Is there any way out of all of this for Vitamin C?  I know a number of guys on the Peak Testosterone Forum have subscribed to "Pauling Theory." For those who don't know, Linus Pauling was the Apostle of Vitamin C and he had a theory that was built on the fact that virtually all animals except man manufacture their own Vitamin C.  Therefore, we have much lower levels of Vitamin C than all other creatures around us and have not been able to fully adapt or compensate.  His theory, called Pauling Theory, was that man simply needed to replensih these lost stores of Vitamin C by megadosing Vitamin C.  He claimed this could cure many cancers, stop arterial plaque in its track and many other things as well.

Someone still clinging to Pauline Theory could still claim that megadosing Vitamin C, while lowering training beneftis, still provides so many other positives that it is a net gain.  This seems like a weak argument to me, since it is essentially lowering the body's own natural antioxidant systems.  Vitamin C, as powerful as it is, should not be lowering the master antioxidants, SOD and glutathione.  And it doesn't unless you start megadosing of course.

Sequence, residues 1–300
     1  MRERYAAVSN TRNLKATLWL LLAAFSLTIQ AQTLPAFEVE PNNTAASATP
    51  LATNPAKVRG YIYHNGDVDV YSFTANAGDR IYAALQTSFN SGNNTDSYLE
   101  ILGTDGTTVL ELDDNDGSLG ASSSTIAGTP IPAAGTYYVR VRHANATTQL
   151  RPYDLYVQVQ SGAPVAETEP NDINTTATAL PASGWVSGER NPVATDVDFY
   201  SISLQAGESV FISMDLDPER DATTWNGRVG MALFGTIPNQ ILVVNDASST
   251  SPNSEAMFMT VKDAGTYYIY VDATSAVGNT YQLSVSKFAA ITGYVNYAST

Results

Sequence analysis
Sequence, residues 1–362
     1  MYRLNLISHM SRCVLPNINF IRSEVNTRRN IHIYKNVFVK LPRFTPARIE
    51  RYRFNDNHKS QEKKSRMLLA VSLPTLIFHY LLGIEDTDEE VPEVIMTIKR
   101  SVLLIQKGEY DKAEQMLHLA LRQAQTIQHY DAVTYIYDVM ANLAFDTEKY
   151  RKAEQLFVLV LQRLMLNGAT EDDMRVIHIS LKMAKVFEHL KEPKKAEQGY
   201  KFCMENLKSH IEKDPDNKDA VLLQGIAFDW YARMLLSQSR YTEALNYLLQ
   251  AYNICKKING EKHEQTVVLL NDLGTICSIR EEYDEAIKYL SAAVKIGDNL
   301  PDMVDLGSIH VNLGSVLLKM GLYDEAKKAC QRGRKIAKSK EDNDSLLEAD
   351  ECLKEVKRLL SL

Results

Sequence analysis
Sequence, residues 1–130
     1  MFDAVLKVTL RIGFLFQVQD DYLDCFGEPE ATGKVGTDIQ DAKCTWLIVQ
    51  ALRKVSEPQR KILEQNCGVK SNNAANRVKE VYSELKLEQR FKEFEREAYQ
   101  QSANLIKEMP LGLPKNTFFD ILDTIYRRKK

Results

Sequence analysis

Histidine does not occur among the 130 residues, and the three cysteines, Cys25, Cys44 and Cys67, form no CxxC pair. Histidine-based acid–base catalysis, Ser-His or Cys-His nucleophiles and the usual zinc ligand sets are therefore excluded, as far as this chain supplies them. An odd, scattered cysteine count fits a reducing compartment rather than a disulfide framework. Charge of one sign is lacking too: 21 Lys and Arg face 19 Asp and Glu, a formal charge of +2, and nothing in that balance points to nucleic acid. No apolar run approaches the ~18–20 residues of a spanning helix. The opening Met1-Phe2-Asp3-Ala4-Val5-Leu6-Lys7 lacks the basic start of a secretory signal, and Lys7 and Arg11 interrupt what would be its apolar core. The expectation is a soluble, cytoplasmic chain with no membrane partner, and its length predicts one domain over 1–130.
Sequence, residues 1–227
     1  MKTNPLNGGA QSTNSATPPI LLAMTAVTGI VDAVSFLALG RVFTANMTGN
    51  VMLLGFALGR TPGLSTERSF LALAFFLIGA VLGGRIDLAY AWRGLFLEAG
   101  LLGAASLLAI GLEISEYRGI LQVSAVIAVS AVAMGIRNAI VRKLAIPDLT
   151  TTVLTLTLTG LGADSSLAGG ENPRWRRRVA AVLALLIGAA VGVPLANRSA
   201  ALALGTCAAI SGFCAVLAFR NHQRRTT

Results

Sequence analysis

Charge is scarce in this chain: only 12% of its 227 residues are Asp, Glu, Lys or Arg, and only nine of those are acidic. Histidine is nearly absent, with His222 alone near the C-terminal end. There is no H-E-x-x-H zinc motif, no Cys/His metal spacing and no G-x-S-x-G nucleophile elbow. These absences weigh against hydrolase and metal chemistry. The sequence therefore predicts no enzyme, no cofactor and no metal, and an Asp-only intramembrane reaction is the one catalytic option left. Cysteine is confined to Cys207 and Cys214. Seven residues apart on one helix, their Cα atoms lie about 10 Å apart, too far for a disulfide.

1) J Physiol, 2014 Apr 15, 592(Pt 8):1887-901, "Vitamin C and E supplementation hampers cellular adaptation to endurance training in humans: a double-blind, randomised, controlled trial"

2)  Am J Clin Nutr, Jan 2008, 87(1):142-149, "Oral administration of vitamin C decreases muscle mitochondrial biogenesis and hampers training-induced adaptations in endurance performance"